The Making of an Underground Film, originally broadcast on CBS News with Walter Cronkite on New Years' Eve 1965, begins with reporter Dave Dugan saying, "Not everyone digs underground movies, but those who do can dig 'em here." in front of the Bridge Theatre in New York City's Greenwich Village. An interview with avant-garde filmmaker and exhibitor Jonas Mekas then segues into footage of the making of Dirt by filmmaker/poet Piero Heliczer, as a pre-Nico incarnation of the Velvet Underground (with both Maureen Tucker and original percussionist Angus MacLise) plays silently in costume in the background. Other highlights include interviews with Andy Warhol and Edie Sedgwick, plus the uninterrupted airing of a Stan Brakhage film in tribute to poet Michael McClure.
Gay Talese's "Frank Sinatra Has A Cold" appeared in Esquire Magazine in April 1966. Sinatra had turned down interview requests from Esquire for years and refused to be interviewed for the profile. Rather than give up, Talese spent the three months following and observing the man and interviewing any members of his entourage who were willing to speak -- and the final story was published without Sinatra's cooperation or blessing. In 2003, editors pronounced it the best article the magazine had ever published. Nieman Storyboard interviewed Talese last month about the piece and has annotated it with his comments. [more inside]
The civil rights march from Selma to Montgomery, as described in the New Yorker by Renata Adler in 1965. [more inside]
Whoever let the tape roll on at a Beatles recording session at Abbey Road studio, 47 years ago, deserves our gratitude for several reasons. For reminding us that these exalted and almost absurdly famous musicians could sound like rank amateurs trying to teach themselves their newest song. For giving non-musicians a window onto the utterly mundane reality of the recording process, i.e. the endless waiting around for the engineer to get the tape cued up into the right spot. For giving us an audio glimpse of Lennon and McCartney's continual nutty banter, which can be quite entertaining. All that and more to be heard in The Beatles in Studio - Rubber Soul (1965) and Rubber Soul (Think For Yourself) 1965 Session.
Bob Dylan famously "went electric" at the Newport Folk Festival in 1965. 47 years later, experts believe a woman in New Jersey has the guitar the Dylan played on stage that day. [more inside]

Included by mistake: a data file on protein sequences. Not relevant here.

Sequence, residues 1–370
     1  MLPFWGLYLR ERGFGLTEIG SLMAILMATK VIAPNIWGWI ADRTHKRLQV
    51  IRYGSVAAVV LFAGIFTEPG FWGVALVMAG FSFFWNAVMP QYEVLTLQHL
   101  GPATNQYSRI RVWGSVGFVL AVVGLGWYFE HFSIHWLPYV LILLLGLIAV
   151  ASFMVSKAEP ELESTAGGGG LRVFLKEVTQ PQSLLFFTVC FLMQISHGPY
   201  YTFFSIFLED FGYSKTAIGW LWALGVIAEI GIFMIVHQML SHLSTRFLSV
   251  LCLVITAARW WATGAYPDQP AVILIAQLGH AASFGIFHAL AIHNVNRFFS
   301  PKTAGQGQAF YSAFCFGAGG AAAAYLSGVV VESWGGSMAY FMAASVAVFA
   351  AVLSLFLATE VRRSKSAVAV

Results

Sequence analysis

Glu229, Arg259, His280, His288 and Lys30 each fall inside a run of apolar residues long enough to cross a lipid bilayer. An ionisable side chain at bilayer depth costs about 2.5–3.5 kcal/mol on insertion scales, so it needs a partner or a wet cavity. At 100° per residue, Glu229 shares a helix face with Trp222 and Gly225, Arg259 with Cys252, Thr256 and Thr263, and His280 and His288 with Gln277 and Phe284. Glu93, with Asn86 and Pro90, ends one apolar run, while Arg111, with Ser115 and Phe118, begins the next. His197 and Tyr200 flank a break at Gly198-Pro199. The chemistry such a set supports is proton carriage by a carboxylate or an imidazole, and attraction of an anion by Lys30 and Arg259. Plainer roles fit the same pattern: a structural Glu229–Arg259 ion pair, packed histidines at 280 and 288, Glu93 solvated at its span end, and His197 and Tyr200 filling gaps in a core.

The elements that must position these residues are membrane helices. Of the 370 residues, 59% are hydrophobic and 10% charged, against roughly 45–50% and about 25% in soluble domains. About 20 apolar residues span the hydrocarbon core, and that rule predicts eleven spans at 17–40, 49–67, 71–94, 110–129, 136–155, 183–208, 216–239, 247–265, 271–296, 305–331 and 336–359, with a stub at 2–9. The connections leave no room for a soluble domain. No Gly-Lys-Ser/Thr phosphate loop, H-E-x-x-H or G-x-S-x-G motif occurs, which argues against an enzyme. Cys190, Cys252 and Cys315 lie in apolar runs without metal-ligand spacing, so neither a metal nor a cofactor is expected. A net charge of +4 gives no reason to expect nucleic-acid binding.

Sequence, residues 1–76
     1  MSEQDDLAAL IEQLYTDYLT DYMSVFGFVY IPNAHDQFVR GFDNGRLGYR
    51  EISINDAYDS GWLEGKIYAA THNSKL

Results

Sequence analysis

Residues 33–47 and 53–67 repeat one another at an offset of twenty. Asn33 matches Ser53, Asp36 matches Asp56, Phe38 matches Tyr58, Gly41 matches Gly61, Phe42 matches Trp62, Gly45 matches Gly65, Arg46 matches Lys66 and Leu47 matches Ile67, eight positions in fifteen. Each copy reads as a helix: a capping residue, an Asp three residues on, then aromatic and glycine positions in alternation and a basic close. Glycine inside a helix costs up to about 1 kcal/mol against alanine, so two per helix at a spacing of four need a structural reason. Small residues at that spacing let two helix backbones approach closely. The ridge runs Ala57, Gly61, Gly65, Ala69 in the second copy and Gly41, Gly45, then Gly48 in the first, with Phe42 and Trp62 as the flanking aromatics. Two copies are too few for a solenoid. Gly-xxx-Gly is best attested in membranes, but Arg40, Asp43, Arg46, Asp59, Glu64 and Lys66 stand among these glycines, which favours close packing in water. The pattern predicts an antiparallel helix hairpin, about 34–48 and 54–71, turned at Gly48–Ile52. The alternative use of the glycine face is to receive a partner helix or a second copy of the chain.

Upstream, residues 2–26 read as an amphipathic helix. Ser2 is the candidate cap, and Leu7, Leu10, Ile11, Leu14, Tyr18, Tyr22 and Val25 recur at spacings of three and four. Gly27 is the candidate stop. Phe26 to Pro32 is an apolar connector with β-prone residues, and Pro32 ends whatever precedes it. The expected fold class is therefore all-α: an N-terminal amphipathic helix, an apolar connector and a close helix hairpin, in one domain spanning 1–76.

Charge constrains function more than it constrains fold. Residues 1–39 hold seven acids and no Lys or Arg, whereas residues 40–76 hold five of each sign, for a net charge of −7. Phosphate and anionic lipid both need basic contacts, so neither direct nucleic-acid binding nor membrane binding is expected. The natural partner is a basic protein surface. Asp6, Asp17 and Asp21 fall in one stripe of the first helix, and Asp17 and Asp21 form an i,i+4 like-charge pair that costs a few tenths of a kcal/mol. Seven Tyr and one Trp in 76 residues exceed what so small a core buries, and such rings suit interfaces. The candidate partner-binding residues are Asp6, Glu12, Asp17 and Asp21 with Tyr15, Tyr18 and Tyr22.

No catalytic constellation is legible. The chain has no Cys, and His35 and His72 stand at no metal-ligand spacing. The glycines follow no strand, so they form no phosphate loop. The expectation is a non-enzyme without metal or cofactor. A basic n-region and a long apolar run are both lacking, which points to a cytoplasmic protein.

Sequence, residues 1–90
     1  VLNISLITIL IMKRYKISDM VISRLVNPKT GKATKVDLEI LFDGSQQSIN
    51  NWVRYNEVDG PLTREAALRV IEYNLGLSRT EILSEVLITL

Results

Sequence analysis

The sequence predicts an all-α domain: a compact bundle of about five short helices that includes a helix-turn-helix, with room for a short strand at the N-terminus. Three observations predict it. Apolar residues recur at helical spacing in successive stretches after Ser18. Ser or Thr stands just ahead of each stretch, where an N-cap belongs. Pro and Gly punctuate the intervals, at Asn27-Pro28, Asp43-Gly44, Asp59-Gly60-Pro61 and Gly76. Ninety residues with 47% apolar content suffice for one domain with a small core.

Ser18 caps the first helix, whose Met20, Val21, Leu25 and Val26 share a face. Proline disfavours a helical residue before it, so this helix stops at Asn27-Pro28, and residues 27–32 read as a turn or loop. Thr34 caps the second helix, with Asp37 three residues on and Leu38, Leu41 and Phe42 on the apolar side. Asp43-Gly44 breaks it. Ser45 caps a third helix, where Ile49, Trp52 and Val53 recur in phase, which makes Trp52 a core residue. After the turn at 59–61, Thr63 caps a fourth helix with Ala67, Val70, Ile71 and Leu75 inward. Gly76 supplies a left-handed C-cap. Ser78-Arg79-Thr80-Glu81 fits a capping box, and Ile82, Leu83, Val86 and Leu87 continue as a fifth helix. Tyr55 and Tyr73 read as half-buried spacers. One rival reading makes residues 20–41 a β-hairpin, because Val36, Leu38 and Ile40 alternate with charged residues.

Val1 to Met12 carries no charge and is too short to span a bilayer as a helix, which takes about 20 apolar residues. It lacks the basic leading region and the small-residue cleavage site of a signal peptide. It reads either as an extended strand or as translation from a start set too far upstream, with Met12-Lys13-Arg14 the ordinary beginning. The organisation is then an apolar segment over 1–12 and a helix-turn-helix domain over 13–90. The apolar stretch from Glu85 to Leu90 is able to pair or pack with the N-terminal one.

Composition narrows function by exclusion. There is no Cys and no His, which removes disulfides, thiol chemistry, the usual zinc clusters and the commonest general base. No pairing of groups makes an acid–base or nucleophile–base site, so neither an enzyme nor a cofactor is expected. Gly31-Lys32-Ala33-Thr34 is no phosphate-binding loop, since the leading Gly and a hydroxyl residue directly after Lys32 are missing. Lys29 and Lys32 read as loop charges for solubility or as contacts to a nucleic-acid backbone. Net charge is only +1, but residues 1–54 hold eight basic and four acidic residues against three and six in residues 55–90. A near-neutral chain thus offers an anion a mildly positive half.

A two-foot piece of wood or plastic mounted on wheels, it yields to the skillful user the excitements of skiing or surfing. To the unskilled it gives the effect of having stepped on a banana peel while dashing down the back stairs. It is also a menace to live and even limb. Life magazine article on skateboarding in New York City, from the May 14, 1965 issue. Pictures from that article are now online in larger form (one-page view on another site). See also: The New York Skate Movie trailer on YouTube. [more inside]
On July 26, 1965, at the Antibes Jazz Festival, the John Coltrane Quartet made its only public performance of A Love Supreme. (previously) [more inside]
An unbelievable collection of Roddy McDowall’s never-before-seen silent home movies from the summer of 1965 were uploaded onto YouTube yesterday, featuring impossibly young, impossibly gorgeous stars like Natalie Wood, Paul Newman, Robert Redford, Jane Fonda, Hope Lange, and Rock Hudson frolicking on the beach. You simply MUST go to the website and watch them all. The takeaway for me, though, is Sal Mineo slinking out the back door with a guilty-looking blond who may or may not be Bobby Sherman. What were THEY up to? Also mesmerizing: The closeup of Natalie Wood’s freckles, Jane Fonda sticking out her tongue, and Paul Newman’s hunky son.
In August-September 1965, India and Pakistan went to war for the second time since their independence in 1947. On September 19, a civilian aircraft (Beechcraft Model 18) carrying the Chief Minister of the Indian state of Gujarat (bordering Pakistan) was shot down by a Pakistani Air Force pilot (flying an F-86F). Now, 46 years later, the Pakistani pilot has written a condolence letter to the daughter of the pilot of the Indian civilian aircraft.
MAD Magaziner Jack Davis' multi-page montage of everything on NBC in the Fall of 1965, including the Huntley-Brinkley Report, Johnny Carson, Hullaballoo, Dr. Kildare, Andy Williams, My Mother The Car, Please Don't Eat the Daisies, I Spy, Dean Martin, Camp Runamuck, The Man From UNCLE, Flipper, I Dream of Jeannie and Get Smart. (missing from the reconstructed pic are the Sunday shows, including Bonanza and Walt Disney's Wonderful World of Color). via Mark Evanier
'Because something is happening here - But you don't know what it is - Do you, Mister Jones?' '...He's dead, Jim'
You walk into the roomJeffrey Owen Jones, a film professor at the Rochester Institute of Technology and, inadvertently, the featured metaphor in Bob Dylan's Ballad of a Thin Man, has died.
With your pencil in your hand
You see somebody naked
And you say, "Who is that man?"
You try so hard
But you don't understand...
A Visual Journey: Photographs by Lisa Law 1965-1971 Lisa Law's photographs provide glimpses into the folk and rock music scenes, California's blossoming counterculture, and the family-centered and spiritual world of commune life in New Mexico. They are moments that she lived, witnessed, and recorded on the frontier of cultural change.